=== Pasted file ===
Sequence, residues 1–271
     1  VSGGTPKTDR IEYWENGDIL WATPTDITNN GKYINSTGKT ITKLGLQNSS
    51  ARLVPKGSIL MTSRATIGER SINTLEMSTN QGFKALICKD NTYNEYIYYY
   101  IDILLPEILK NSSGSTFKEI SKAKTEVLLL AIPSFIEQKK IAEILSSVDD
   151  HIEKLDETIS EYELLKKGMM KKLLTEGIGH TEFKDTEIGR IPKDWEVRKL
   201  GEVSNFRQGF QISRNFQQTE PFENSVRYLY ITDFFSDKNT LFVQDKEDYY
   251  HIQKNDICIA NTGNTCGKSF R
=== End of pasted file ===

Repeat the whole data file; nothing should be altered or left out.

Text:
Sequence, residues 1–271
     1  VSGGTPKTDR IEYWENGDIL WATPTDITNN GKYINSTGKT ITKLGLQNSS
    51  ARLVPKGSIL MTSRATIGER SINTLEMSTN QGFKALICKD NTYNEYIYYY
   101  IDILLPEILK NSSGSTFKEI SKAKTEVLLL AIPSFIEQKK IAEILSSVDD
   151  HIEKLDETIS EYELLKKGMM KKLLTEGIGH TEFKDTEIGR IPKDWEVRKL
   201  GEVSNFRQGF QISRNFQQTE PFENSVRYLY ITDFFSDKNT LFVQDKEDYY
   251  HIQKNDICIA NTGNTCGKSF R